Changes in hospital nurse work environments and nurse job outcomes: An analysis of panel data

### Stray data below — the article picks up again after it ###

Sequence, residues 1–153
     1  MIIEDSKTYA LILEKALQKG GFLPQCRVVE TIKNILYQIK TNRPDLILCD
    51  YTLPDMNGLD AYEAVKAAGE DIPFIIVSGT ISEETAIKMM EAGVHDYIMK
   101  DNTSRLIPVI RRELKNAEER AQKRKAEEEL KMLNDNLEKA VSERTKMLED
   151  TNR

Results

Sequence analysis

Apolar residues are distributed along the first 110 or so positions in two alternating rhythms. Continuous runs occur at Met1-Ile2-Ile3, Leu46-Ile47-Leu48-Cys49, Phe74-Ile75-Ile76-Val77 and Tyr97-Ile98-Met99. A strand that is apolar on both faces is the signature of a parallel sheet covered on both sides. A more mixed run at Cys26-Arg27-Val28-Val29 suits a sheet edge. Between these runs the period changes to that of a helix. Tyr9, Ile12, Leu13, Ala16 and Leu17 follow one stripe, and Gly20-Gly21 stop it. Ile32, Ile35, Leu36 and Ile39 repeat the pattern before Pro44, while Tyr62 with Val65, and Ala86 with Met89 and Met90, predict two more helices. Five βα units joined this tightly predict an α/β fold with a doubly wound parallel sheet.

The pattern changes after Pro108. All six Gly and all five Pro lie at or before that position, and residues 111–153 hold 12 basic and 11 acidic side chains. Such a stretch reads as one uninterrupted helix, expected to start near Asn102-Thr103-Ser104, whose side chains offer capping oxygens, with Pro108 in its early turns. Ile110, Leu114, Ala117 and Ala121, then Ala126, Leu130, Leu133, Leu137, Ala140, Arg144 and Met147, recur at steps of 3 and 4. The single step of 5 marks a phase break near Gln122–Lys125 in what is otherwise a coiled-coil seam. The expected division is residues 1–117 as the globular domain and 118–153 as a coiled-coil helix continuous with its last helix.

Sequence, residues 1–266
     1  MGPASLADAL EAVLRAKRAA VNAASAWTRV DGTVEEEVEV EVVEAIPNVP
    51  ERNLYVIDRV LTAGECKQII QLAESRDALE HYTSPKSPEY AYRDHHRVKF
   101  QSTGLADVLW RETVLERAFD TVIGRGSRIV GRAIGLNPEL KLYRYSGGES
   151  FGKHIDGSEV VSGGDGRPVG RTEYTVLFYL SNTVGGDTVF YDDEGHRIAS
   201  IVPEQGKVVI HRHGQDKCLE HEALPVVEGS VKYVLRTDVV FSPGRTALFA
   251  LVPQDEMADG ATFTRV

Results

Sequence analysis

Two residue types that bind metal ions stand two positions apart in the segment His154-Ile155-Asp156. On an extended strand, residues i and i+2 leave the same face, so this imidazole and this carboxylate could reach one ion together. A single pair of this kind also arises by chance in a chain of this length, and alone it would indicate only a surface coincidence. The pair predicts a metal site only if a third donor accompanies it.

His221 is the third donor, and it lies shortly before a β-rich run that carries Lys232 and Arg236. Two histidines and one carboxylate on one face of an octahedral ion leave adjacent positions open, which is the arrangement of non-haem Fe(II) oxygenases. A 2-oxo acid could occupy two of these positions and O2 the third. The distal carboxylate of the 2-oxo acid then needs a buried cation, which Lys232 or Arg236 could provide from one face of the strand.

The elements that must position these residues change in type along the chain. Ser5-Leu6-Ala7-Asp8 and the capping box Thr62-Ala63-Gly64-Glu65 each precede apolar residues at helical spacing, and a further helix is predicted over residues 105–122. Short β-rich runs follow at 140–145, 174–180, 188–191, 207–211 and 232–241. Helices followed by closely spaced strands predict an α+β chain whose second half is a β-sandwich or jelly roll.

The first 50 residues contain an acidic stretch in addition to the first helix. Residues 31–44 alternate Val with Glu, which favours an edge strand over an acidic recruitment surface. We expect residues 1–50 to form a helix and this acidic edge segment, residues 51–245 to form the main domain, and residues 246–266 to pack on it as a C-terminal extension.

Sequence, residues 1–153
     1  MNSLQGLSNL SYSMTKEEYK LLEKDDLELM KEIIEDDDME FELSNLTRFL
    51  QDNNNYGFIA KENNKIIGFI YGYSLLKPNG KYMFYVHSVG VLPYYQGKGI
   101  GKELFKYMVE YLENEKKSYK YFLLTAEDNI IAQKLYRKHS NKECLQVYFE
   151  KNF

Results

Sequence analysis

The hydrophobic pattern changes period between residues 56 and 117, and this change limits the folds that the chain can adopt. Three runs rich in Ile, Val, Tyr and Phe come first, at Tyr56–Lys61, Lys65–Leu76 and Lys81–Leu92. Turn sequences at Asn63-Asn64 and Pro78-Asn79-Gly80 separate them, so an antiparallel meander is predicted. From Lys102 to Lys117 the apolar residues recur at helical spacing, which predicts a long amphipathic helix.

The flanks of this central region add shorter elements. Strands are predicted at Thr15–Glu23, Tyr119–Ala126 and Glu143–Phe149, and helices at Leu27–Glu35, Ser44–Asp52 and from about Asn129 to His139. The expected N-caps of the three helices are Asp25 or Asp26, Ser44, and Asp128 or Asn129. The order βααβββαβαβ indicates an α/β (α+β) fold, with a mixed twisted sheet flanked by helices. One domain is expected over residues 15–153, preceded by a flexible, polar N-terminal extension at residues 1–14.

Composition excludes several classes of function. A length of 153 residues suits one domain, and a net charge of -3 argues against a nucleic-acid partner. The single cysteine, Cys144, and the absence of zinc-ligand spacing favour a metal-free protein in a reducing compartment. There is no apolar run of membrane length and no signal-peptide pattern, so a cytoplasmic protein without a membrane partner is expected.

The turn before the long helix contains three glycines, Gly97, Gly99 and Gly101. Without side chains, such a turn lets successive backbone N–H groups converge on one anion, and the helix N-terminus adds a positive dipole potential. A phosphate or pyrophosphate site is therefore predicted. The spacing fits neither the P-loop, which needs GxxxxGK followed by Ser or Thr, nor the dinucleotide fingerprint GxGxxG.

BACKGROUND: One strategy proposed to alleviate nursing shortages is the promotion of organizational efforts that will improve nurse recruitment and retention. Cross-sectional studies have shown that the quality of the nurse work environment is associated with nurse outcomes related to retention, but there have been very few longitudinal studies undertaken to examine this relationship. OBJECTIVES: To demonstrate how rates of burnout, intention to leave, and job dissatisfaction changed in a panel of hospitals over time, and to explore whether these outcomes were associated with changes in nurse work environments. METHODS: A retrospective, two-stage panel design was chosen for this study. Survey data collected from large random samples of registered nurses employed in Pennsylvania hospitals in 1999 and 2006 were used to derive hospital-level rates of burnout, intention to leave current position, and job dissatisfaction, and to classify the quality of nurses' work environments at both points in time. A two-period difference model was used to estimate the dependence of changes in rates of nurse burnout, intention to leave, and job dissatisfaction on changes in nurse work environments between 1999 and 2006 in 137 hospitals, accounting for concurrent changes in nurse staffing levels. RESULTS: In general, nurse outcomes improved between 1999 and 2006, with fewer nurses reporting burnout, intention to leave, and job dissatisfaction in 2006 as compared to 1999. Our difference models showed that improvements in work environment had a strong negative association with changes in rates of burnout (β=-6.42%, p<0.01) intention to leave (β=-4.10%, p<0.01), and job dissatisfaction (β=-8.00%, p<0.01). CONCLUSIONS: Improvements in nurse work environments over time are associated with lower rates of nurse burnout, intention to leave current position, and job dissatisfaction.
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